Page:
- Review Credits: The Ripe
Blackstreet – “No Diggity (The Polish Ambassador Remix)”
Fare Soldi gave us an epic remix of Blackstreet classic a while back but if you need to dial things back a bit then this Polish Ambassador flip is just the kind of laid back funk for you. Just the kind of Ambassador-ing I like to see for Poland!
- Review Credits: The Burning Ear
Broken Bells – “Holding On for Life”
Broken Bells have shared the first track from their forthcoming album, After the Disco, their first release in three years. Titled “Holding On For Life”, it’s a shadowy, groove-laden number that sees James Mercer and Brian Burton channel the Bee Gees, both in ’70s sound and late-night swag. Listen below.
- Review Credits: Consequence of Sound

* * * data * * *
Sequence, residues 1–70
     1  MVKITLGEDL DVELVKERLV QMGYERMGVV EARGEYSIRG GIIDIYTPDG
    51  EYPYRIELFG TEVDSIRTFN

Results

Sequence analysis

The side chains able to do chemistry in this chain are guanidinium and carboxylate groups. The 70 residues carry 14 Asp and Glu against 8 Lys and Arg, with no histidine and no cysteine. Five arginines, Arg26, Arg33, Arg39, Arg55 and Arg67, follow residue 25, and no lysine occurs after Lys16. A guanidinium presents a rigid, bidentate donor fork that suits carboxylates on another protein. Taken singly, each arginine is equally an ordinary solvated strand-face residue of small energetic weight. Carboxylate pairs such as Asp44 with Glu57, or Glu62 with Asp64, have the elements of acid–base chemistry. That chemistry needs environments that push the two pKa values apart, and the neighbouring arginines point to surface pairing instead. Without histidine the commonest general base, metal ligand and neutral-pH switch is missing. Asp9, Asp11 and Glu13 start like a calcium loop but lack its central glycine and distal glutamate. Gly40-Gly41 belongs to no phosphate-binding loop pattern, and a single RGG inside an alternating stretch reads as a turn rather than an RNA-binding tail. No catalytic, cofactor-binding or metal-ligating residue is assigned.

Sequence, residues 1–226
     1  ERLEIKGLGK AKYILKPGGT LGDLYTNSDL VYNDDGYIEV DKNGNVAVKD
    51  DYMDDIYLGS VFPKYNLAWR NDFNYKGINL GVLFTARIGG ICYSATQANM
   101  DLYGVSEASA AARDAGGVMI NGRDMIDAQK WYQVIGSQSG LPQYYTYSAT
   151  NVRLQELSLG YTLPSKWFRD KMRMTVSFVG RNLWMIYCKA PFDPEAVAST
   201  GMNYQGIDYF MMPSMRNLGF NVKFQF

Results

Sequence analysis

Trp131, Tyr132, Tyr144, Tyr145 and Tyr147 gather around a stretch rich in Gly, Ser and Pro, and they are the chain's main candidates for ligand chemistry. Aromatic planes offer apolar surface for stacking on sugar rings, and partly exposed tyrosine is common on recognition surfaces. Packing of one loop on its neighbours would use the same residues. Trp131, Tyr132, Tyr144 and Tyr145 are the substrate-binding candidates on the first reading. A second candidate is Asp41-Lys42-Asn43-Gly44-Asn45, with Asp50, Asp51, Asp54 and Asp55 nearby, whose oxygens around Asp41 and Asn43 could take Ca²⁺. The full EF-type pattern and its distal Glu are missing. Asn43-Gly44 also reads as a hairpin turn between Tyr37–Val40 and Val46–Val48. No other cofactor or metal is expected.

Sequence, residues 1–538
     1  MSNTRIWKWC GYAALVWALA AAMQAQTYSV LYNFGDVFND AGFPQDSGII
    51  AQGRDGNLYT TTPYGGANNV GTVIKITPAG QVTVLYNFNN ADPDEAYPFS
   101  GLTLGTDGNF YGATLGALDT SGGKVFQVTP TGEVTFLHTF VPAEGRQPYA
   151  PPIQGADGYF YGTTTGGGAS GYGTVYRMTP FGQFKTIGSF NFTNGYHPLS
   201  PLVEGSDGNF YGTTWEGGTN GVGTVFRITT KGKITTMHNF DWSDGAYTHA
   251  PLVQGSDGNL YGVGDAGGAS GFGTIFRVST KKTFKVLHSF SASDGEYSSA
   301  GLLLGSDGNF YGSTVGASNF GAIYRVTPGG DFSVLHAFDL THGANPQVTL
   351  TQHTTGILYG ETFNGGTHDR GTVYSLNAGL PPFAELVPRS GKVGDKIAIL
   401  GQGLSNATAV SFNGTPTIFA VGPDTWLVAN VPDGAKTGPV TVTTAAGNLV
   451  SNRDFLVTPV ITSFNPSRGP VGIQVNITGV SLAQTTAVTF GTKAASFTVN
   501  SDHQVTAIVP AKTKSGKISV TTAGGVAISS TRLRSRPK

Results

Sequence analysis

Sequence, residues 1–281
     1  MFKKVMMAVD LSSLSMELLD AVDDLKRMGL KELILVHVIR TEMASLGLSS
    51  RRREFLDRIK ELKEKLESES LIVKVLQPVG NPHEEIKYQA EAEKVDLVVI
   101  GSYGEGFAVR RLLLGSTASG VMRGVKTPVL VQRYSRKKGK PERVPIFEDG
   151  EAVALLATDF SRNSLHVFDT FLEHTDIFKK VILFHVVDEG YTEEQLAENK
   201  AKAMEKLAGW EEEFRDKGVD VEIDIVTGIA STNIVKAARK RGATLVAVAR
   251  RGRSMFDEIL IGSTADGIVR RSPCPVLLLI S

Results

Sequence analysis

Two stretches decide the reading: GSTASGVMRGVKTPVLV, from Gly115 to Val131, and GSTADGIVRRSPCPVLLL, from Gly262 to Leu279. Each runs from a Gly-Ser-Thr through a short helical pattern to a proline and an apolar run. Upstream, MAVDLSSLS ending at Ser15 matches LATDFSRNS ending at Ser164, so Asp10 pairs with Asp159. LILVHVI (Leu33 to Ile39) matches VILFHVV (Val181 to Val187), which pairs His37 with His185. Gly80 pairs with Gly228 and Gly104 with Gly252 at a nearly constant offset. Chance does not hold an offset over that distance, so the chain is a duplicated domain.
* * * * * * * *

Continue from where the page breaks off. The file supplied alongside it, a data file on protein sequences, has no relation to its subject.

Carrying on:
Oh Land – “Bird in an Aeroplane”
If your mind’s in the gutter like ours is, the term Wish Bone conjures up all manner of images. And having looked at the album cover for Danish electro-pop merchant Oh Land’s (Nanna Oland Fabricius to her mum) new album, we think she’s probably on our page. It’s playful, seductive, fierce, and basically everything we enjoy in a popstar; it’s also the perfect description for the album itself. The opening track, Bird in an Aeroplane, should be enough to convince you of an investment. There’s a swooning, soaring chorus like an avian itself, a low-key start but at least a refreshing whiff of something that isn’t EDM or grotty faux-electro. Lead single Renaissance Girls’ machine-gun delivery is pure charm, balanced immediately by the slow beauty of Cherry on Top and 3 Chances, which are all about Fabricius’ vocal strength (though it doesn’t quite work on the disappointing Sia co-write, Green Card). There are few acts who can successfully balance the drama of Kill My Darling with the acoustic, almost Nashville style of Love You Better side-by-side.
- Review Credits: Press Play